Many investors are constantly on the prowl for new options that could help them make a bit of cash. If SPACs have recently made their way onto your radar and you’re wondering if you should be investing in them, here’s what you need to know.
What Are SPACs?
SPAC stands for “special-purpose acquisition company.” Also referred to as “blank check companies,” SPACs are publicly-listed, but are considered non-operating. Instead, they exist solely to purchase private companies, allowing the company that has been acquired to have a connection with a publicly listed stock.
Generally, the process of becoming a publicly-listed is cumbersome. By going the SPAC route, a private company can avoid the challenges associated with an initial public offering (IPO). The SPAC is already public. Plus, by using a reverse merger after the acquisition, the once private company can transition to a public one while maintaining autonomy.
Are SPACs a Good Investment?
Like any part of the investment landscape, there is certainly risk associated with investing in SPACs, even if there doesn’t appear to be any on the surface. While it’s true that if a SPAC doesn’t find a private company to scoop up, investors get their money back after a set amount of time, your money may not be working for you as hard as it could going another route.
Additionally, there’s no guarantee that the private company a SPAC grabs is going to be successful once it is part of the market. As recent history has shown, not all IPOs go well. If the SPAC selects the wrong company, you can certainly experience losses.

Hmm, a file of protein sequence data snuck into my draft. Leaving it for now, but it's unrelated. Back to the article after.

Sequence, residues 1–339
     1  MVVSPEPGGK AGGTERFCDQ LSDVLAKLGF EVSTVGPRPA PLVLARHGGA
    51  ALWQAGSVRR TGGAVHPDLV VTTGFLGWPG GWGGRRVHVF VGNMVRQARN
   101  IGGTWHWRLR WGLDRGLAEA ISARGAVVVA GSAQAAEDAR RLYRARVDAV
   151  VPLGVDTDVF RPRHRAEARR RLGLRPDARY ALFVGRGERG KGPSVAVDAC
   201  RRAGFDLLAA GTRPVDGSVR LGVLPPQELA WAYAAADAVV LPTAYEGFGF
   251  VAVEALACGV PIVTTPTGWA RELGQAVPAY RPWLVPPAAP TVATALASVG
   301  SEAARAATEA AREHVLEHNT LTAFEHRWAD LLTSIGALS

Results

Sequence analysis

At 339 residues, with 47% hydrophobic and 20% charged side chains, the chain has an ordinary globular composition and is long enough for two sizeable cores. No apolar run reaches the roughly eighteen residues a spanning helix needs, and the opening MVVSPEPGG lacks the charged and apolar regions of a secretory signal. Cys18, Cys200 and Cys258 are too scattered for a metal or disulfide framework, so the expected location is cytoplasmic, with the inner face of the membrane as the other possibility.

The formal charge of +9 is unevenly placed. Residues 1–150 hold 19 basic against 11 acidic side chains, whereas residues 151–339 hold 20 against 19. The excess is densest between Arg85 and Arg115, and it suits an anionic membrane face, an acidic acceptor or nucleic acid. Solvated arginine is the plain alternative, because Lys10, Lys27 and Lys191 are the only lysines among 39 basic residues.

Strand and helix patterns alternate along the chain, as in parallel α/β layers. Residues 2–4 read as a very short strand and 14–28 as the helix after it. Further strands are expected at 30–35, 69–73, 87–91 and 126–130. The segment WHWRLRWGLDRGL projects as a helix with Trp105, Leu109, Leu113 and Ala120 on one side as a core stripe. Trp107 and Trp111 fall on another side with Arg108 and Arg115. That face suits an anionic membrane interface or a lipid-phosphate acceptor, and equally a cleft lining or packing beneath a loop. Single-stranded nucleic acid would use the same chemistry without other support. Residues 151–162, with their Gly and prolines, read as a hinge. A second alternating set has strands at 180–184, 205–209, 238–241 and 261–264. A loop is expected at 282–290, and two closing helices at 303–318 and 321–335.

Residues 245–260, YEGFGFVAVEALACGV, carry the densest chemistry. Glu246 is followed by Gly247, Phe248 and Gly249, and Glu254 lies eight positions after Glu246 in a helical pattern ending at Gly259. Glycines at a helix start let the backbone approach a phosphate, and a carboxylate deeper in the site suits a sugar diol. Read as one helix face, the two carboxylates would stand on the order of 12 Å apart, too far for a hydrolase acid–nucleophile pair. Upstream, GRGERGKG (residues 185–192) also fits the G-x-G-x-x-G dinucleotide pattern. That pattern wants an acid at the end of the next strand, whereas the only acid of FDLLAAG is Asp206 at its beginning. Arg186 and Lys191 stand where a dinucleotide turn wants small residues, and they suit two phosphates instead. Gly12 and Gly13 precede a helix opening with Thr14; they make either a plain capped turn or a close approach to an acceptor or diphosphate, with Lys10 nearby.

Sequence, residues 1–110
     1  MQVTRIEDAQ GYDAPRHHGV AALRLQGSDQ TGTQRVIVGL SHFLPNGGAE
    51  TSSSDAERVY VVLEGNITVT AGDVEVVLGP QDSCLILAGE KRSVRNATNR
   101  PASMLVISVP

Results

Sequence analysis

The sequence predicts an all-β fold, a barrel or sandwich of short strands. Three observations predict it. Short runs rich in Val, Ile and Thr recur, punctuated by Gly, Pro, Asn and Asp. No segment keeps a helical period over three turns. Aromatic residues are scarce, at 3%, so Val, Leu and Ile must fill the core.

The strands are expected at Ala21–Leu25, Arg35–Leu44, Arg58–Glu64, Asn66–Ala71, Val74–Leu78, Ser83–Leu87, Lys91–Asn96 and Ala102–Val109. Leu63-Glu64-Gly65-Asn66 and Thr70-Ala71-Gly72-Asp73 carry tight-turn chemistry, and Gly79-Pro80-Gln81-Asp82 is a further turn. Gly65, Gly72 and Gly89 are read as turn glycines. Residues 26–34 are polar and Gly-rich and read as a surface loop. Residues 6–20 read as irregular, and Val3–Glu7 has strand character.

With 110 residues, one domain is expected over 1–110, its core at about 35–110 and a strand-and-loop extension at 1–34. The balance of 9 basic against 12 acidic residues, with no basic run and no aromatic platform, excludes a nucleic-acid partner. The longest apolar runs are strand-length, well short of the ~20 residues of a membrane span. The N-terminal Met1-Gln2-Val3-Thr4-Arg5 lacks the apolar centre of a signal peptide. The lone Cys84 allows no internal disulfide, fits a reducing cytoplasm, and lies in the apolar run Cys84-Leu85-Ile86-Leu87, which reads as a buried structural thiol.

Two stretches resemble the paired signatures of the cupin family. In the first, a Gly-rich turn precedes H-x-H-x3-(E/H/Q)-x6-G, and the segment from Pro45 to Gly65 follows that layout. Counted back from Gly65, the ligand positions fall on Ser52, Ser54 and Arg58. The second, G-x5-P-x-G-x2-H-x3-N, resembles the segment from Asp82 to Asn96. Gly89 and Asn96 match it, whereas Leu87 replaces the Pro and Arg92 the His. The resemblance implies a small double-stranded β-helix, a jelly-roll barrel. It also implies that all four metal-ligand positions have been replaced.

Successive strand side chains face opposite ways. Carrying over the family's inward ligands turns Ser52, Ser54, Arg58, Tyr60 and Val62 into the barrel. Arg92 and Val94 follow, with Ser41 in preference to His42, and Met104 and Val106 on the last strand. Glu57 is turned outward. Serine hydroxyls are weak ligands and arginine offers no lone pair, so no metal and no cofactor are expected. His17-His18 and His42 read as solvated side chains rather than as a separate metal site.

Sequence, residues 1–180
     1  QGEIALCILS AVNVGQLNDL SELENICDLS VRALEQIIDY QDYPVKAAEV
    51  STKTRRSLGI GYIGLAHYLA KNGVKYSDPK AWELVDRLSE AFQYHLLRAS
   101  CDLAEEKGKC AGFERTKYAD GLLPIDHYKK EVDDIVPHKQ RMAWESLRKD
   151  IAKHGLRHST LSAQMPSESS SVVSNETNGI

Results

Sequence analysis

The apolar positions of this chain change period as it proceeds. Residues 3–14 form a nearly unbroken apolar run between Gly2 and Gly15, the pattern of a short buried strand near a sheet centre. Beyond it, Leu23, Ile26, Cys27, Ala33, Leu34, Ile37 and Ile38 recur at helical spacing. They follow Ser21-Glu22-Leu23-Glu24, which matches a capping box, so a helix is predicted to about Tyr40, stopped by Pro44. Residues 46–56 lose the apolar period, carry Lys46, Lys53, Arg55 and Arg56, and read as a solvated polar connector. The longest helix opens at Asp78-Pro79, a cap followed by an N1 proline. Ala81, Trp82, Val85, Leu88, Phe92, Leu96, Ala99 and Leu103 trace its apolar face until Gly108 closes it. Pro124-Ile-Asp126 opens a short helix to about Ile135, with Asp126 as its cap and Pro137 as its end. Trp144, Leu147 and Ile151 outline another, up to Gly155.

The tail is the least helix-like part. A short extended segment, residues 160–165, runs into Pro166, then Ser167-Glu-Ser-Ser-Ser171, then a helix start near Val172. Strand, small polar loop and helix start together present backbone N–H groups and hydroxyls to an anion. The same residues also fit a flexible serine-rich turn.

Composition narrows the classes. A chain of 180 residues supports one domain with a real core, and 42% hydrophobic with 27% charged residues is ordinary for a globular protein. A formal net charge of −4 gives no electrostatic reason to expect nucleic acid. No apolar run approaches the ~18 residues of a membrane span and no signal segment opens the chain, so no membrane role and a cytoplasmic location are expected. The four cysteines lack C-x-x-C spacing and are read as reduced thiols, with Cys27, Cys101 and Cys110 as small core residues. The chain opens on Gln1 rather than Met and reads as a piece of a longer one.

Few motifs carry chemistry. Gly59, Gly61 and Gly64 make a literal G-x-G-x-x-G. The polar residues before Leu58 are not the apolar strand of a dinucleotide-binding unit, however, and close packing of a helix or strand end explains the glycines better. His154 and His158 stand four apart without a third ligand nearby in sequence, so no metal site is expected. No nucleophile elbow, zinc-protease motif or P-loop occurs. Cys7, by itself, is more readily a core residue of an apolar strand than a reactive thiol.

Finally, by design, SPACs benefit the SPAC sponsors far more than individual investors. Generally, the sponsors get a significant stock allocation for the SPAC IPO, and the founder shares can dilute common stockholders.
In many cases, a SPAC’s performance can be subpar. When there is a high-valued private company serving as a potential target, it can generate competition among SPACs. When that happens, the price may inflate, causing the SPAC that “wins” to overpay, something that doesn’t work in investors’ favor.
However, the sponsors – due to the nature of the arrangement – can still come out ahead even if the SPAC overpays, creating a level of conflict of interest. The decisions may not be in the best interest of individual investors. Instead, only the sponsors serve to gain.
Ultimately, it’s wise to be cautious about investing in SPACs. You may not know exactly what the SPAC will scoop up when you invest, which isn’t ideal. Additionally, there can be issues with transparency, as well as potential conflicts of interest.
In many ways, a SPAC is riskier than a traditional IPO. If you’re risk-averse, that’s far from ideal. However, even if you are open to some risk, the low historical performance should give you pause. If you do think SPACs are right for you, research is your ally, as it may give you an indication about the SPAC’s ability to choose the right private company. Make sure you really dig in, as that may be your only way to determine if a SPAC has potential.
Do you think investing in SPACs is a smart move? Do you plan on adding them to your portfolio? Why or why not? Share your thoughts in the comments below.
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